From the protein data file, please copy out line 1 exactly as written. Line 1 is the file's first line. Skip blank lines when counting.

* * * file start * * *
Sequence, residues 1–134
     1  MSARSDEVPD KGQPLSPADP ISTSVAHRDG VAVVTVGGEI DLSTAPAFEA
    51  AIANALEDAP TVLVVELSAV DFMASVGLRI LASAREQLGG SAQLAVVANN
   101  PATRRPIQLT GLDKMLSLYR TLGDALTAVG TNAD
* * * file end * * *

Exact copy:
Sequence, residues 1–134